Posts in what i'm loving
What I'm Loving | 12/2/2018
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Rusty got to meet Santa yesterday! The shelter we adopted him from does a Santa Paws event each year that’s entirely volunteer run, so all the proceeds go straight to the shelter. It was so sweet to see the volunteers that helped us adopt Rusty and he was quite the hit with Santa, too. We didn’t mention that time he snuck a loaf of bread off the counter — we figured Santa doesn’t need to know everything.

Here’s what else I’m loving lately:


Reading :: After finishing it, I have mixed feelings about the format of The Argonauts. Subject matter would get a 10/10 — there are shockingly few writers who engage with material like this and produce a book that enters the “indie mainstream,” so I think it’s wonderful that Nelson did that. However, the book is almost a stream of consciousness style that made it difficult to fully grasp what was going on. It’s a small book, so I would say if you’re interested, definitely try it! It’s just on the experimental spectrum so be aware. After, I read Something Wicked This Way Comes. We discussed Bradbury in my short story class and despite having heard his name, I had never read his work. The dialogue in this book irked me to no end — lots of staccato-paced ‘whats’ and ‘no!’s — but the book itself was lovely. I tend to not like anything that involves circus imagery, but this book did such a fantastic job of laying scenes out that I didn’t mind. I’m now reading The February House; this is a SUPER NICHE read but I am eating it up. If you enjoy learning about the lives of literary heavy-hitters (which I practically live off of because of life goals) then I would highly recommend. If not, I’d probably say pass because it could get rather dull!

Spare Time :: I’ve been writing and writing and writing. Making something creative a priority is quite difficult, I’m learning, because sometimes the brain just does not want to cooperate. But bad writing is easier to fix than no writing, as they say, so I’m piling up the short stories in the hopes that something sticks.

Etcetera :: I finally made it up to Pegasus Books! It’s the oldest independent bookstore in Berkeley and they do both new and used books of all kinds. It’s an adorable store with a great selection and I always love searching for books in person instead of on the internet. They also do a frequent reader program where if you spend $200 you get $10 off! If you’re in the area, they also have a location in Rockridge and Albany, too. Totally worth the trip!

What I'm Loving | 11/25/2018
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To be honest, the thing I’ve loved the most this week is a four day weekend. We had friends over for dinner on Thursday, put up the tree and enjoyed a lazy/rainy day on Friday, ran errands on Saturday, and now we still have a whole Sunday left. That’s what I call a good weekend.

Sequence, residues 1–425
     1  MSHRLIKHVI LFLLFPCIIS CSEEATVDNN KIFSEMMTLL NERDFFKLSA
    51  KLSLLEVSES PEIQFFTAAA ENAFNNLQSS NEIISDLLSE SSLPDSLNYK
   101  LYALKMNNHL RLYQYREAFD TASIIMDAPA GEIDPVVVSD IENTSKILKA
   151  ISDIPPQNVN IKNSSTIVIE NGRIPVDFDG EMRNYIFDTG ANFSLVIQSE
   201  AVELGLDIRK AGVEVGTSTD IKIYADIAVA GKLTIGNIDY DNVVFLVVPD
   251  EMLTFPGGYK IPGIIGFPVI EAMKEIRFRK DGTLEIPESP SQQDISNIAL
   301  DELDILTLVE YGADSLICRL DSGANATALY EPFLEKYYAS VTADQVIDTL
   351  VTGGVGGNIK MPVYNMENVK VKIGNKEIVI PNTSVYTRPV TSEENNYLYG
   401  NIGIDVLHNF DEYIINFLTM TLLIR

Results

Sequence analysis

Here’s what else I’m loving lately:


Reading :: The Heart is a Lonely Hunter: layers! depth! wonder! Seriously, this was a delightful read. It was nuanced — the plot points aren’t in your face, but they’re right there if you look for them. It really came together beautifully and I highly recommend it. Next up, We Are All Completely Beside Ourselves: I bought this on a whim on our trip to Powell’s, in all honesty because I thought the author was someone else. It turned out to be quite a happy accident because I thought this was an incredible read. The staff recommendation card at Powell’s said to go into it without knowing a thing, which is what I did, and I wasn’t disappointed. That’s what I recommend you do, too, so I’m not going to say any more. Now I’m on The Argonauts, which, so far, is a quick and heavy read about gender fluidity, the oppression of heteronormativity, and love in a queer and unique relationship. It’s equal parts science, studies, and anecdotes which keeps the pace quick and the subject matter engaging.

Spare Time :: Probably the same as everyone this week. Just cooking and eating in an endless cycle, but we also got our tree put up! It’s never too early for Christmas cheer.

Etcetera :: We saw Bohemian Rhapsody over the weekend which was a delight. I didn’t realize how much I didn’t know about Queen/Freddie Mercury. Their music has been around and popular my entire life, but learning more about their journey as musicians was such a joy. I admire Freddie Mercury for taking his fashion risks and being so open about who he was — and I can imagine that many people feeling oppressed in the time period did, as well. It was a fantastic film.

What I'm Loving | 11/18/2018
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Short week, woo hoo! Last year I was so bummed about not being with my family on Thanksgiving. I’m bummed this year too, but it feels much less dramatic somehow. We’ll see if that changes the day of, but I’m excited to have some friends over and make a lot of food.

I’m cheating and getting a pre-made turkey from Whole Foods, but I’m cooking everything else myself. Last year my turkey didn’t turn out great, it was a lot of work, and a friend had one from Whole Foods that was SO delicious I decided it would be worth the splurge this year. Some things aren’t worth doing yourself and roasting a turkey might be one of them.

Here’s what I’m loving lately:


Reading :: The Autobiography of Malcolm X was interesting, albeit a bit tedious. Learning about the key events of his life was interesting, but I would’ve preferred it in a shorter format. I’m now working on The Heart is a Lonely Hunter by Carson McCullers. I love southern gothic literature and this book has been no exception. I’m 75% through it and she keeps added depth and sustenance to her characters that leaves me amazed. Also, she wrote this AT TWENTY THREE, which is amazing but also making me feel a bit behind in life. 😬